Cooper Regel is a member of Masuch Law and focuses on Indigenous law, corporate and commercial litigation, administrative and tribunal law, residential school and abuse claims. The firm is active in Northern Canada, and Cooper notes that in serving remote communities, the transition away from face-to-face was less relevant north of 60. 

“Our practice in the North has always been 80-per cent-remote,” he says. “We do almost all of our applications by telephone in Nunavut and almost the same amount in the Northwest Territories. We're used to dealing with staff and clients remotely. 

“Our client base for particularly Edmonton, Sherwood Park and Yellowknife office is mostly people far away often who we rarely lay eyes on other than on Skype or Zoom and FaceTime,” he says. 

When COVID-19 hit and Canada went home, Cooper says, his firm was around six months away from full remote capability, using a cloud service. The firm’s corporate minute books are available through a secure platform it is integrating with its cloud system along with its real estate files. Cooper and his colleagues are “waiting with bated breath” for the registries to accept electronic signatures. Within the pandemic, he says, there is an opportunity to modernize the profession.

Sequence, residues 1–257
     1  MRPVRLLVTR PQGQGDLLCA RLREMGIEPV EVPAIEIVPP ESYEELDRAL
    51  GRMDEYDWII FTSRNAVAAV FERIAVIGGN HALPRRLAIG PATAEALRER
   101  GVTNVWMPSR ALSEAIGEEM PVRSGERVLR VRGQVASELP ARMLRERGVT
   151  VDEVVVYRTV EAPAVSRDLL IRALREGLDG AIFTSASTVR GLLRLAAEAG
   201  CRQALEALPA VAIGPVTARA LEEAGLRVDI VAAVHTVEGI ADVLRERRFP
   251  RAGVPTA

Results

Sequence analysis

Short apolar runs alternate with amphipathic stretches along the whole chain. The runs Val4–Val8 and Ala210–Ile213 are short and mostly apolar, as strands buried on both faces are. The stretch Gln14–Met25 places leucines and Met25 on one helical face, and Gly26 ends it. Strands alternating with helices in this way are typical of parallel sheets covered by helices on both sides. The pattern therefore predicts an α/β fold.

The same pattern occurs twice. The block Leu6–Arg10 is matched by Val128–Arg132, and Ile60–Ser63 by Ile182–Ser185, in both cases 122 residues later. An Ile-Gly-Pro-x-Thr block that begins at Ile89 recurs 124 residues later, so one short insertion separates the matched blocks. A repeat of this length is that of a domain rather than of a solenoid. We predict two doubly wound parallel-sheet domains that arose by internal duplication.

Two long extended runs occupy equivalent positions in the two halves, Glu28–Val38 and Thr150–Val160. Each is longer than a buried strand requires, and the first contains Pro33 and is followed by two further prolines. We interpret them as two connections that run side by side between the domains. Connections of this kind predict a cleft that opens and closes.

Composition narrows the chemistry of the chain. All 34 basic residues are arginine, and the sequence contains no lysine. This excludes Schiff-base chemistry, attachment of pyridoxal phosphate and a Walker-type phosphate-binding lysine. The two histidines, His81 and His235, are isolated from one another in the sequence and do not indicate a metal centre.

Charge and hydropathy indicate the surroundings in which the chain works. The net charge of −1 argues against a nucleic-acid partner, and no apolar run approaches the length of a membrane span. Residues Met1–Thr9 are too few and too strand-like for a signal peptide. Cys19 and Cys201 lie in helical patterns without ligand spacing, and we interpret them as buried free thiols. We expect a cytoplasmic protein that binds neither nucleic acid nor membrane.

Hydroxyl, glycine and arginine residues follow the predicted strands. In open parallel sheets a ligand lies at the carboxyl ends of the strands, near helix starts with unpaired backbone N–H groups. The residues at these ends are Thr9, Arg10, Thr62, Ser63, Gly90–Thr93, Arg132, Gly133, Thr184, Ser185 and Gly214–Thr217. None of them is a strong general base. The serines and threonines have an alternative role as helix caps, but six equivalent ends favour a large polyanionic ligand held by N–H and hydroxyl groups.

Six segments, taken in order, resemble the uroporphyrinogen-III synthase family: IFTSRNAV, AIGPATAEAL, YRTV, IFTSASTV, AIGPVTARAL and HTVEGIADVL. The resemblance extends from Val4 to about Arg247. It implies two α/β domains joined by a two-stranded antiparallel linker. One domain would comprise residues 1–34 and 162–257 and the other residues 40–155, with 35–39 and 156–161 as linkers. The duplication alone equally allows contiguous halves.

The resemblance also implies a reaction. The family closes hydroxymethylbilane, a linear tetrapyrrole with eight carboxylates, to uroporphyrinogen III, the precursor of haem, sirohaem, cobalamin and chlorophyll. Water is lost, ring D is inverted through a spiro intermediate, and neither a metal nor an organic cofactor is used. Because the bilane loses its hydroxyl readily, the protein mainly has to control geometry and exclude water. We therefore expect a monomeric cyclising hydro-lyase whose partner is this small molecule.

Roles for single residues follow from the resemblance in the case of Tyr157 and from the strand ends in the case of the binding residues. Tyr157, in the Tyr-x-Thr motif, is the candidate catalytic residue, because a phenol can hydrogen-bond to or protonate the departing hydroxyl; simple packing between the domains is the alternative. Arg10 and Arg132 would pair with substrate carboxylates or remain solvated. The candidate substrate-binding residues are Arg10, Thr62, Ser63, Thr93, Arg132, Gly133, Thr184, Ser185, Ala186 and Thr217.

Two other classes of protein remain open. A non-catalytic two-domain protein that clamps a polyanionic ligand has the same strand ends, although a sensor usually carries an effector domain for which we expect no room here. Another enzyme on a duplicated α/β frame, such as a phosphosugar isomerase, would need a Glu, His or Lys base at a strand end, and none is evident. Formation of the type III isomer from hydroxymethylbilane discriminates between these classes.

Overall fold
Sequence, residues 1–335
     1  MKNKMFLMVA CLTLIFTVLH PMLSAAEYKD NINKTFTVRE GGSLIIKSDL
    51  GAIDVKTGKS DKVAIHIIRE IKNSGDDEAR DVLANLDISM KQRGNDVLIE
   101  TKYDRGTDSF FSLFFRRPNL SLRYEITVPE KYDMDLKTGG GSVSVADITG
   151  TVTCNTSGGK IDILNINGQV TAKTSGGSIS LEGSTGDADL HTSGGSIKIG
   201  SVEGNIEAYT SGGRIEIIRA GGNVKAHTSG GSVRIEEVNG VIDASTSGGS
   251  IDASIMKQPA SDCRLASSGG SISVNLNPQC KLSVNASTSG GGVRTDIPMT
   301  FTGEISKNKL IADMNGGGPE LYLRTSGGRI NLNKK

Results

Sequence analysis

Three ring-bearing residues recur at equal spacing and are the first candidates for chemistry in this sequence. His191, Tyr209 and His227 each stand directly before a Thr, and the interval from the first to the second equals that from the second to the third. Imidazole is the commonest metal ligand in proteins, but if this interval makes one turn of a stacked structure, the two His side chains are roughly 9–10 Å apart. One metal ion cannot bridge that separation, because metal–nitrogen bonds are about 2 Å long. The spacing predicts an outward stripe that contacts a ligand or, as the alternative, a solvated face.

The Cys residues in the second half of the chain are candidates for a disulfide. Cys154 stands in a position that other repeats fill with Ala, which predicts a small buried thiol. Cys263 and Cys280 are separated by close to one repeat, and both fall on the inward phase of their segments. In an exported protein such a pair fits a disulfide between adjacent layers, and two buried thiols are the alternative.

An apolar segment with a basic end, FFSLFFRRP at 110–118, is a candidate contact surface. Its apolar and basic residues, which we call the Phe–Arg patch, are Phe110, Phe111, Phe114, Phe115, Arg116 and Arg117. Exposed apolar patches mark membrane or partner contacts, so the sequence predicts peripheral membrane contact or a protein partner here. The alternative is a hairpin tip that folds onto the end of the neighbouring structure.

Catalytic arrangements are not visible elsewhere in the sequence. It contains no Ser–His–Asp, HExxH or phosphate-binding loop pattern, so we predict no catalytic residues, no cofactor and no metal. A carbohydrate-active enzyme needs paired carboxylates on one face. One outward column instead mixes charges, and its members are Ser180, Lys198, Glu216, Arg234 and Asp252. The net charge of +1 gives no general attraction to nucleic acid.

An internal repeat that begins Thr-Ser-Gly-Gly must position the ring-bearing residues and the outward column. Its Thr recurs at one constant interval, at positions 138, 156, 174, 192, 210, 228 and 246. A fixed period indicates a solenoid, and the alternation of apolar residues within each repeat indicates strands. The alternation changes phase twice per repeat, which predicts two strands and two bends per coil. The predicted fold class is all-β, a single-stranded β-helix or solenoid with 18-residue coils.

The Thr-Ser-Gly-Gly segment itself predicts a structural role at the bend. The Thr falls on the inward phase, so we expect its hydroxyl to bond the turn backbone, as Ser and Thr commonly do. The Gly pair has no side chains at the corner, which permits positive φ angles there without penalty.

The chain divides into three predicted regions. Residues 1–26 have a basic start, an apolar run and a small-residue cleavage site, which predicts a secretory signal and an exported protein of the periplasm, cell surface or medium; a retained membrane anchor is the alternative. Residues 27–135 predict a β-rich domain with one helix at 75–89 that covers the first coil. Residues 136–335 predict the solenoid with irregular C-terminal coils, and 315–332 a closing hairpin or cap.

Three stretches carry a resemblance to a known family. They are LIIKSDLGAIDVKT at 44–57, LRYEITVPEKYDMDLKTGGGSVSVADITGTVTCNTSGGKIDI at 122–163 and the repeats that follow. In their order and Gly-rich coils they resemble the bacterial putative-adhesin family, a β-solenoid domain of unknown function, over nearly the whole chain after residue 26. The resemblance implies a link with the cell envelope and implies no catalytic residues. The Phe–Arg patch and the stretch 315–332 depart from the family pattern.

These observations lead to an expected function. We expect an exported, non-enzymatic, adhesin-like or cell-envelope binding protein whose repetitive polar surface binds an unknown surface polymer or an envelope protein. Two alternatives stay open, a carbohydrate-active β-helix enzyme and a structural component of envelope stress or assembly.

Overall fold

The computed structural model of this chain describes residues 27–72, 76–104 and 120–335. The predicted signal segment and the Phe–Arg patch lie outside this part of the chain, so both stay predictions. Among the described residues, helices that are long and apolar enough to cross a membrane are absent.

“If necessity is truly the mother of invention, I think what I'm hearing through the practice and through our firm and otherwise is that the practice of law will never be the same,” Cooper says. “We are finally updating systems that just didn't seem to have had the desire or the initiative to modernize. 

“It's modernizing a profession [that] takes far too much pride in doing things like their grandmothers and grandfathers did. And that's true not just at big firms but also small firms,” he says. 

Tara Vasdani’s passion for remote work was conceived when she watched an Economist documentary about “digital nomads,” people who travel around the world while working remotely. She became fascinated by the legal implications of the novel workplace relationship and has been a remote-work advocate ever since, helping organizations around the world understand and transition to remote work. She says that, while the big four banks, for example, have adopted remote infrastructure, law firms seem less enthusiastic.  

“Lawyers are a little bit different, where the industry is used to client-facing products and services. And it's very, very archaic in that face time and physical mentorship and things like that are still extremely entrenched in the practice,” she says.  

This is a problem, Vasdani says, because consumers are more focused on efficiency than detail. Raised on the instant gratification of modern technology, they want answers now, she says.